Stranahan's Colorado Whiskey: Don't Bother

How do you celebrate the three month anniversary of finishing chemotherapy? If you are my wife, you hike up a mountain in Colorado. And how do you celebrate making it all the way up? Well, you visit a nearby distillery, take a tour and buy a bottle of whiskey that you can’t get at home.

There are a lot of reasons I love my wife, but those two things might make it near the top of my list.

There haven’t been many times in my life that I’ve been standing on the ground at over 10,000 feet above sea level. That might have been the first time I walked there.

The tin cup top is a nice looking touch.

The distillery we visited afterward was Stranahan’s in Denver. The tale on the website is that it was founded by George Stranahan, the founder of Flying Dog Brewery and a firefighter as they bonded over Stranahan’s barn fire. It’s an unusual tale, and it may even be true, who knows. Now they are owned by Proximo Spirits out of New Jersey. Better known as the distributor of Jose Cuervo and brand owner of Three Olives Vodka and Kraken Rum.

I’d heard good things about the whiskey and the tour and tasting was fun enough that I didn’t feel too bad about buying a bottle. It comes in a very tall narrow bottle with a bright yellow label that wraps around it at a severe angle. It’s pretty distinctive. And once you have one on your shelf, you’ll notice it whenever it appears. In odd places like the Showtime show House of Lies where it seems to be Don Cheadle’s drink of choice.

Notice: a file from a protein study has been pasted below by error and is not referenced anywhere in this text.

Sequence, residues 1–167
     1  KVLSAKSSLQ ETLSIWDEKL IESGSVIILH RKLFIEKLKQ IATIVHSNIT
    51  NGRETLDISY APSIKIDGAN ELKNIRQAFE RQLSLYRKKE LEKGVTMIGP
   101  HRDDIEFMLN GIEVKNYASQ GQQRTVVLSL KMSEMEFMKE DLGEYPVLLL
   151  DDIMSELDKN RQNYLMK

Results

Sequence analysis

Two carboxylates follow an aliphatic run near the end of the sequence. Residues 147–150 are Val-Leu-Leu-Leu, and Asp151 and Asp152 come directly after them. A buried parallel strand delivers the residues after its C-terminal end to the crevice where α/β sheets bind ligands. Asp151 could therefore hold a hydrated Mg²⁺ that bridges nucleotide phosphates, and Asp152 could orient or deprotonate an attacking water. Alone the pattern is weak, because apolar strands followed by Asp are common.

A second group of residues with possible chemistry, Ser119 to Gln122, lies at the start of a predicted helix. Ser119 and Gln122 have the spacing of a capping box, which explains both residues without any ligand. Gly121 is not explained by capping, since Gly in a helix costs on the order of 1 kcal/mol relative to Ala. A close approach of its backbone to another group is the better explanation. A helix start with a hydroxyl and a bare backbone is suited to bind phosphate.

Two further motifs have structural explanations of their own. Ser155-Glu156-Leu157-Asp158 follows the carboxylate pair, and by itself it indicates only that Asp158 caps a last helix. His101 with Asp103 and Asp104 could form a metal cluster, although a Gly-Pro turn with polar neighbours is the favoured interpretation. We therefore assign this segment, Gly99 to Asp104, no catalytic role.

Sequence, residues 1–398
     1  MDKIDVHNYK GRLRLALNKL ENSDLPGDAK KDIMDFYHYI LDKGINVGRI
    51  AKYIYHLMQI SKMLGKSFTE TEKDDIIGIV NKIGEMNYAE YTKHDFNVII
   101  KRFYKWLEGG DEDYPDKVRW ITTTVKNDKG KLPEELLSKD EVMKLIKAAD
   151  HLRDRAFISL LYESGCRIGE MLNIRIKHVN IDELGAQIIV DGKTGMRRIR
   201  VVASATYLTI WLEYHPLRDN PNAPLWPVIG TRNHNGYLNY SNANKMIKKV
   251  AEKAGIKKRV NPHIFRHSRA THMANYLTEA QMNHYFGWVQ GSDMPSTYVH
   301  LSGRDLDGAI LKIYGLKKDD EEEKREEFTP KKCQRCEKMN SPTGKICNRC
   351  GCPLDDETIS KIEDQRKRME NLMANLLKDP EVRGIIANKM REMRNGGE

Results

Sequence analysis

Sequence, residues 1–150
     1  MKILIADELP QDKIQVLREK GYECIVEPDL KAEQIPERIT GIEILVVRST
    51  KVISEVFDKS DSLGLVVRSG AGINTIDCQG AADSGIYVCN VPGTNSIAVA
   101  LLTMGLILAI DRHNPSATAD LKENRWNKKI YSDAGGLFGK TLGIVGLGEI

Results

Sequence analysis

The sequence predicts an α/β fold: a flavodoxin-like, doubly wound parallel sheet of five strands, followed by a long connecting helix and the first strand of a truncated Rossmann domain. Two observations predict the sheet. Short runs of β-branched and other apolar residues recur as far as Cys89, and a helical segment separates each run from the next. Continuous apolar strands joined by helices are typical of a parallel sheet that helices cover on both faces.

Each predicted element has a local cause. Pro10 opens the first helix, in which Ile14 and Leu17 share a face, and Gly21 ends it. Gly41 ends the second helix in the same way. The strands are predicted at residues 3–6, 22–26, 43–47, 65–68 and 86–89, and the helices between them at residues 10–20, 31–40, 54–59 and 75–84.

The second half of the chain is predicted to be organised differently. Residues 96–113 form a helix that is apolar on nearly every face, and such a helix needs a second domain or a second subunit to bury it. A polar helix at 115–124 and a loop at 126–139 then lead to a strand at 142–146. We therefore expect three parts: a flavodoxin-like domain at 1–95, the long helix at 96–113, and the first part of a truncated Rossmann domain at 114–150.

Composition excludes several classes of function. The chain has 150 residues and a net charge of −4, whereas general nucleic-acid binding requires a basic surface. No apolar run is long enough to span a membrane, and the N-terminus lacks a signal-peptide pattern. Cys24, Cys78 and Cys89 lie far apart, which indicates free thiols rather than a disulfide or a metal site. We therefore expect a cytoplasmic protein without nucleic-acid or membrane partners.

But the proof, as they say, is in the whiskey.

Stranahan’s Colorado Whiskey

Purchase info: ~$60 for a 750 mL at the distillery

Details: Batch #95, 47% ABV, 2 years old

Nose: very grain forward with just hints of oak, cinnamon and citrus pith

Mouth: Starts with a rough alcohol burn. Cooked cereal, brown sugar. It’s sweeter than I expected and tastes very new-makey.

Finish: the finish is nice and long, but fades to bitter really quickly


Thoughts: Water helps this, but even with that, I don’t like this one. There’s nothing wrong with it that age wouldn’t fix. But for just about $60, I don’t want a fixer-upper. Add in the fact that this is malt whiskey in virgin oak barrels and you can guess that further age might kill it. Maybe they should switch to used barrels, more time and a lower proof? I don’t know. I’d avoid this one unless you love young whiskey and have too much money on your hands. Otherwise? Don't bother.